Use of non-emergency medical services has been weak for several years in the wake of a deep recession, high joblessness and the steadily rising cost of care.
Those trends now may be exacerbated in the months before President Barack Obama’s healthcare law takes full effect in 2014, analysts said. Part of the reason is that employers are shifting more of the insurance benefits they offer to so-called high-deductible plans, requiring employees to pay more for their medical care upfront, to buffer new costs they face under “Obamacare”.
This is all starting to show in some weak and disappointing earnings reports for the first quarter.
“It’s still early in the reporting season, but so far it all points to softness. In the U.S. volumes at hospitals, in-patient and out-patient are soft,” said David Heupel, senior healthcare analyst at Thrivent Investment Management.
In the past week, medical testing companies, such as Quest Diagnostics, medical device makers Johnson & Johnson and Abbott Laboratories, hospital operators, such as HCA Holdings Inc, and even diaper maker Kimberly-Clark, which has a surgical supply unit, have cited a slowdown in use of medical services.
Kimberly-Clark executives on Friday noted that other companies have reported surgical admissions down about 4 percent in the first quarter. Earlier this week, J&J reported a 10.5 percent decline in its U.S. surgical sales, and Chief Financial Officer Dominic Caruso said a modest upswing in medical device use seen in the fourth quarter did not persist into 2013.
JP Morgan analyst Michael Weinstein, in a research note, said U.S. physician office visits were down 3.3 percent in March from a year ago, after a 3.6 percent decline in February. And HCA on Monday warned about a slowdown in the growth of hospital admissions and weakness in outpatient volumes in the quarter.
“We’ve been seeing very similar trends come out that suggest utilization, which had started to pick up steam in the second half of 2012, seems to be sort of decelerating in the first quarter,” said Morningstar analyst Debbie Wang in reference to the medical technology sector.
Obama’s healthcare law aims to extend insurance coverage to over 30 million additional Americans. While that will mean new clients for insurance companies, the law also requires them to bear new costs including full coverage of preventive health services. The Obama administration also has introduced a new tax on medical devices and provides for greater scrutiny of drug reimbursement, both of which may put pressures on pharmaceutical companies and device makers.
The first wave of earnings reports and cautionary messages have already take a toll on some share prices.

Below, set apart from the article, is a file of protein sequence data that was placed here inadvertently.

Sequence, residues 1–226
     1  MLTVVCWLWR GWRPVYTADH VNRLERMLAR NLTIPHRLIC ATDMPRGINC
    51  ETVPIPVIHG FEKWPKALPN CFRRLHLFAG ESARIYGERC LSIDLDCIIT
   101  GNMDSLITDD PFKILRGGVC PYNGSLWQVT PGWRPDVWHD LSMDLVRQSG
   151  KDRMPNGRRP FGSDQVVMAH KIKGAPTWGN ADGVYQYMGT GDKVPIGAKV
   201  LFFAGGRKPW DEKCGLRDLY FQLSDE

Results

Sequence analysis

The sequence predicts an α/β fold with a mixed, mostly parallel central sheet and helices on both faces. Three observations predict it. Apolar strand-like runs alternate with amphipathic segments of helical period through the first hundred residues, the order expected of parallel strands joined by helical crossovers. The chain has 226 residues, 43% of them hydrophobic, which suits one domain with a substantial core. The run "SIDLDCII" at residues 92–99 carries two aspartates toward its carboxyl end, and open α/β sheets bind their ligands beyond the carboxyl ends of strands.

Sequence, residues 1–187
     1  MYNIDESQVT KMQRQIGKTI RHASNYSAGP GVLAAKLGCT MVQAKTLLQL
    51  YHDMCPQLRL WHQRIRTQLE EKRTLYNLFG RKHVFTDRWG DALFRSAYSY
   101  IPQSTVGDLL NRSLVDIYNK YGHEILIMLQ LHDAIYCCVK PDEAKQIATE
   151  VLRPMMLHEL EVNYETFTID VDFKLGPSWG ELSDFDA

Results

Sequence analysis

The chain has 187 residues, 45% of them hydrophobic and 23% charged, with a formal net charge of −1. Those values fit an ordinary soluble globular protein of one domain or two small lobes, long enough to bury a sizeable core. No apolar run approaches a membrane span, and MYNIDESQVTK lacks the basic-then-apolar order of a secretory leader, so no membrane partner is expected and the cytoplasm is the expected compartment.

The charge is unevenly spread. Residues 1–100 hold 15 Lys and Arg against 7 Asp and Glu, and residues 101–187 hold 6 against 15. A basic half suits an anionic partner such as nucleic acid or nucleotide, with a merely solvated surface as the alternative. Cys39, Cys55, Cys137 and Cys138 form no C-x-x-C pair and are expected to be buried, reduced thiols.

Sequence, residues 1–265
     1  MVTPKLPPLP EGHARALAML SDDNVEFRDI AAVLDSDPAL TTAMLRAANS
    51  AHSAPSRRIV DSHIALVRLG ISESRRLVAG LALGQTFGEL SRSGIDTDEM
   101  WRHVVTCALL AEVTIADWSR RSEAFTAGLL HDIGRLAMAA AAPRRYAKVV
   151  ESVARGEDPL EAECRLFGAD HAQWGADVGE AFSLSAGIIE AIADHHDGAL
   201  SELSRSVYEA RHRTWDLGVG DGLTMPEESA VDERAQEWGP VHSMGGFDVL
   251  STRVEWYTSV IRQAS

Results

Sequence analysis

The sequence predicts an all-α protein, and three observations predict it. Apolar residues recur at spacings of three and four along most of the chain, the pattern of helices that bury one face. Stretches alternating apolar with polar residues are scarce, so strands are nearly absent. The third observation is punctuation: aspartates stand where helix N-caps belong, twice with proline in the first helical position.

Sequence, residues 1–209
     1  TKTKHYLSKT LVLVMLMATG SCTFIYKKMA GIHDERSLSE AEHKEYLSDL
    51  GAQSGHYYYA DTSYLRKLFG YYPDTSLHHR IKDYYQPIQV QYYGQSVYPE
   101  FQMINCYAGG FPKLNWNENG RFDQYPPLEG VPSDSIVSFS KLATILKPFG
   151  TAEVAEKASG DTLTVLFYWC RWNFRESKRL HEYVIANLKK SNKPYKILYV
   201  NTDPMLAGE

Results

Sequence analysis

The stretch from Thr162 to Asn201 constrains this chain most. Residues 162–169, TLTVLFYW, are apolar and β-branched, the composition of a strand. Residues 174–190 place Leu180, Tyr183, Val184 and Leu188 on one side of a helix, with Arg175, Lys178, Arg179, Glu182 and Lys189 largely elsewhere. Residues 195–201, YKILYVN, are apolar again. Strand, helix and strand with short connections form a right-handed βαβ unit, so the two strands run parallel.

The Dow Jones U.S. Medical Equipment Index finished down 2.7 percent for the week. St. Jude Medical shares were off 3 percent and Quest shares have fallen 4 percent since they reported first-quarter results on Wednesday.
HCA shares have declined 0.7 percent since Monday’s announcement, about in line with the 0.6 percent decline in the broader S&P 500 Healthcare Index.
However, larger more diversified companies such as JNJ and Abbott, with less exposure to medical care usage trends, both saw shares rise after reporting first-quarter earnings.
WAITING UNTIL YEAR’S END
Industry analysts said it was too early to gauge the full effect healthcare reform will have on corporate profits in 2013, and some are skeptical that trends seen in the first quarter are related to the new law.
“It’s just a continuation of this low utilization environment that we’ve been in, driven by the weak economy and lack of job growth – the same macro drivers that have been impacting the provider world for a few years now,” said Thomas Carroll, an analyst with Stifel Nicolaus and Co who follows the healthcare insurance industry.
However, Carroll did acknowledge that employers may already be shifting more healthcare costs to employees in anticipation of changes to benefit plans.UnitedHealth Group Inc, the largest U.S. health insurer, on Thursday said it had seen an 18 percent rise in the number of consumers enrolled in high-deductible health plans in the first quarter.
These consumers are likely to put off non-urgent medical care until after they have paid their maximum deductibles in the year.
“People will consume healthcare services after they’ve met their deductibles, and so the fourth quarter will be strongest,” said Heupel.
Morningstar’s Wang agreed that the pattern of healthcare consumption, with weakness seen in the first six months of the year followed by a stronger finish, was likely to continue.
“Because cost sharing is not something that we think is going to diminish any time soon, as more of those out-of-pocket costs are shifted on to people, I think you will see this type of seasonal affect,” she said.
(Additional reporting by Debra Sherman and Jessica Wohl in Chicago and Ransdell Pierson in New York; editing by Michele Gershberg and Theodore d’Afflisio)